July 8, 1998
Mr. Richard Lewis
2222 Dorothy Ave
Louisville, Kentucky 40205
Dear Mr. Lewis:
Thankyou for your continued interest in issues of vital concern to
the nation. The media
influence issue is particularly salient in light of the ongoing debate in the House of
Representatives over the ability of private citizens, candidates, groups and parties to have a voice
in the governing of our nation.
The voluminous materials you sent on the media's unique advantage
in our society and the
growing prevalence of foreign ownership in that industry reaffirms my long-held views that they
should not be left out of the campaign finance equation. You are no doubt well-aquainted with
section 431 (9) (B) (i) of the federal election campaign finance law which stipulates that, for
purposes of federal regulation, the term "expenditure" does not include: "any news story,
commentary, or editorial distributed through the facilities of any broadcasting station,
newspaper, magazine, or other periodical publican, unless such facilities are owned or
controlled by any political party, political committee, or candidate."
makes a distinction where there is no real difference: the media is extremely powerful by any measure, a "special interest" by any definition, and heavily engaged in the "issue advocacy" and "independent expenditure" realms of political persuasion that most editorial boards find so objectionable when anyone other than a media outlet engages in it. To illustrate the absurdity of this special exemption the media enjoys, I frequently cite as an example the fact that if the RNC bought NBC from GE the FEC would regulate the evening news and, under the McCain-Feingold "reform" bill, Tom Brokaw could not mention a candidate 60 days before an election. This is patently absurd.
Had the Senate debate on the McCain-Feingold bill advanced to the point of amendments, among the first I offered would have been one to delete section 431(9)(B)(i). Whenever the opportunity presents itself in the future, I look forward to doing just that. I believe it would be an enlightening discussion. Indeed, the issue was frequently raised during the floor debates in 1997 and 1998 and helped to crystallize for Senators and the C-SPAN viewing audience that the campaign finance debate is, indeed, a discussion of core constitutional freedom."
There is ample evidence that the American people are quite
amenable to restrictions on
the media. I am fond of citing these surveys to reporters as their newspapers eagerly note polls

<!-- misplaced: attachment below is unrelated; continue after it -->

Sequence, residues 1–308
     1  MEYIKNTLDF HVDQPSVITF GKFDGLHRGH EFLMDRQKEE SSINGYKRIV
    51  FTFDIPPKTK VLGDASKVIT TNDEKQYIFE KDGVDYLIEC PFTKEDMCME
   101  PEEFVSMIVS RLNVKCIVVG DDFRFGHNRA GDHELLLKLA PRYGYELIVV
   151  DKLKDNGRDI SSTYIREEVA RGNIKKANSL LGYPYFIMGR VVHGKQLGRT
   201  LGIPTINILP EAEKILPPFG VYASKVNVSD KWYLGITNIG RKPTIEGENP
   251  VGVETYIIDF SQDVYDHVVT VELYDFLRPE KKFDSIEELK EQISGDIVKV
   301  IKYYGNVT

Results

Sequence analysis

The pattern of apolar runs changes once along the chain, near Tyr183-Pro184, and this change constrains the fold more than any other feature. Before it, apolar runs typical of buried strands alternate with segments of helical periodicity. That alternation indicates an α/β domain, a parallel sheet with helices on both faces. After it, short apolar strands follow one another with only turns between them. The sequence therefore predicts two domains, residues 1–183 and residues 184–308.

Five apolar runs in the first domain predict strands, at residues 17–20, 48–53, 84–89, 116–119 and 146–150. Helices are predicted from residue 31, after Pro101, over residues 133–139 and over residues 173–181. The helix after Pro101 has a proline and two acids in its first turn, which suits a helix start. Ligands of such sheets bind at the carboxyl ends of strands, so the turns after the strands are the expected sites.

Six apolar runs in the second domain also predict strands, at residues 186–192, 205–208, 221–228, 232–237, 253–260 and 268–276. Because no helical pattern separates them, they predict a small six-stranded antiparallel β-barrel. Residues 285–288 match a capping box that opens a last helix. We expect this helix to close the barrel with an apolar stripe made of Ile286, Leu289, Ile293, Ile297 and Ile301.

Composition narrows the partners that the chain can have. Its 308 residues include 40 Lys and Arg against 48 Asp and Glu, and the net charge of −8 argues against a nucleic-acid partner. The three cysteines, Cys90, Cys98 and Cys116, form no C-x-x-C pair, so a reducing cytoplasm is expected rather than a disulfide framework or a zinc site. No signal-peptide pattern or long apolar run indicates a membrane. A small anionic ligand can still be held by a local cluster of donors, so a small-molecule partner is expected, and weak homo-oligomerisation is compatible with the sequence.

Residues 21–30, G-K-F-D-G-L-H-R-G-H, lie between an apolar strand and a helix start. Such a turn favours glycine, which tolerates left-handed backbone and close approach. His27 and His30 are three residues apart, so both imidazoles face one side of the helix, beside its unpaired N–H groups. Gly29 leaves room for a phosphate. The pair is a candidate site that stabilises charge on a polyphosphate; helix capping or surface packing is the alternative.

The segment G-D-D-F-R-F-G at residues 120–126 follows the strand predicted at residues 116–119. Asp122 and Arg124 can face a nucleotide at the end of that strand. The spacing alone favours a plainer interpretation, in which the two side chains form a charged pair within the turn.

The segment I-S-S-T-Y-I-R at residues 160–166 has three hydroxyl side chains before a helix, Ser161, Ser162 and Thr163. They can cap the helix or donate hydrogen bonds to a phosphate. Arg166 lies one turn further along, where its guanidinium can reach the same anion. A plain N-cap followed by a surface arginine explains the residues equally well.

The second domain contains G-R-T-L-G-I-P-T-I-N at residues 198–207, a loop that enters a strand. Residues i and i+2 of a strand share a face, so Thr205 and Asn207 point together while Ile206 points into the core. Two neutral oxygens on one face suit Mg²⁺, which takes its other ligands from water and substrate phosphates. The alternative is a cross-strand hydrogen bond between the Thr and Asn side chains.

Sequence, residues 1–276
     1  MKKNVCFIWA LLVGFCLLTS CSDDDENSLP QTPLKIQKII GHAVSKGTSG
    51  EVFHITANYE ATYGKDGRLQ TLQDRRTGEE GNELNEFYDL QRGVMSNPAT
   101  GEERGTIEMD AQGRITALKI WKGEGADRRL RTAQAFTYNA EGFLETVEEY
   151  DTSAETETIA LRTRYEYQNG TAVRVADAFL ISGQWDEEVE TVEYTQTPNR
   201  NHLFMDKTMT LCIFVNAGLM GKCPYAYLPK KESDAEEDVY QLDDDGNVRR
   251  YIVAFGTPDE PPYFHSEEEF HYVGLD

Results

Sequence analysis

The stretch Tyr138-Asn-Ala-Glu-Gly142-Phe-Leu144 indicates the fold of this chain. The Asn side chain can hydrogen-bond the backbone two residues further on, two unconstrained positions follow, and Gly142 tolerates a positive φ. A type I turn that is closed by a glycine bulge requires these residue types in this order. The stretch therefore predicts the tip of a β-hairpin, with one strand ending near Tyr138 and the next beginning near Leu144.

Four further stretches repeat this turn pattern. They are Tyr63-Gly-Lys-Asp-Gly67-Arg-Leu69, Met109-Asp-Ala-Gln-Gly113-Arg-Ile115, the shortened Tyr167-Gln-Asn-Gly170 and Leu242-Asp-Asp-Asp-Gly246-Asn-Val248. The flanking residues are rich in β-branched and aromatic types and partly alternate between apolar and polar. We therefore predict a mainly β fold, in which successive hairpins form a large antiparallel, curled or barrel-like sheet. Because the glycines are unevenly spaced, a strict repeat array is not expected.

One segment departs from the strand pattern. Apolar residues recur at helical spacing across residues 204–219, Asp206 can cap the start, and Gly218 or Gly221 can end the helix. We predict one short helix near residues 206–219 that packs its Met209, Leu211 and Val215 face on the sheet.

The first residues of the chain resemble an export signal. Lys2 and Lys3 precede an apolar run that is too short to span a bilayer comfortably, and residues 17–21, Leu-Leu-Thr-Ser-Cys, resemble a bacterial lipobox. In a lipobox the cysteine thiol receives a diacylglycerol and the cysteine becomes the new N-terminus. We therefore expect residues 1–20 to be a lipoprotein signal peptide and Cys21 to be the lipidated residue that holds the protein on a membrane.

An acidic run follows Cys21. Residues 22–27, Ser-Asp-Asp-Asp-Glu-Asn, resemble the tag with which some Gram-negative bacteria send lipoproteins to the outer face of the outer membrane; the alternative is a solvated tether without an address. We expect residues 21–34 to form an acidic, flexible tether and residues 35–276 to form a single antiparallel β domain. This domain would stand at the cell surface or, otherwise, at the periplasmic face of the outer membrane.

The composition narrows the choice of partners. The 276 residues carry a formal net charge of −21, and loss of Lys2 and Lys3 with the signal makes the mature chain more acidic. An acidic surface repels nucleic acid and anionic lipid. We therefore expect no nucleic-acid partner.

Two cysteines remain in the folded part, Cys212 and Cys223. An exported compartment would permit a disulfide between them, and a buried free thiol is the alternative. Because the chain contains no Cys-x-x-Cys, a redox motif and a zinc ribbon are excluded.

showing support for restrictions on everyone else's ability to participate in our democracy. A
Ramussen Research survey found that 80 percent of those polled would like to restrict the way
newspapers cover political campaigns. 68 percent believe that newspaper editorials are more
important than a $1000 contribution. 61 percent believe that a candidate favored by reporters
will beat a candidate who raises more money. 42 percent believe that newspapers should be
required to install an equal number of Republicans and Democrats on their editorial boards. A
study by the American Society of Newspaper Editors found that a majority would require
journalists to obtain a license to practice, as lawyers and doctors currently must. A majority
would empower judges to impose fines for "inaccurate and biased reporting" and would establish
government entities to compel the media to equalize coverage of controversial issues.
Fortunately, the First Amendment precludes such regulation, but the presence of such an anti-
media sentiment should be of some concern to the press. After all, it was only last year that the
Senate defeated (incredibly, 38 Senators voted for it) a constitutional amendment to empower the
federal and state governments to restrict all expenditures "by, in support of, or in opposition to"
candidates. As the American Civil Liberties Union pointed out, that broad mandate encompasses
I would urge you to watch the ongoing House campaign finance
reform debate carefully. It has
been a stop- and- go- debate with a day or two of campaign finance amendments interrupted by as
much as a week of other legislative business. However, there will be several days of debate in
the next month and it is anticipated that there wil be at least one vote on an amendment to delete
the media exemption in FECA, altogether. It promises to be a vigorous discussion. An
amendment to refine the exemption to address the matter of foreign ownership would be a useful
exercise, as well. With the increased interest on our side of the aisle with the media component
in the campaign finance debate, I would not be surprised if such amendment were offered.
Again, thank you for putting the materials together.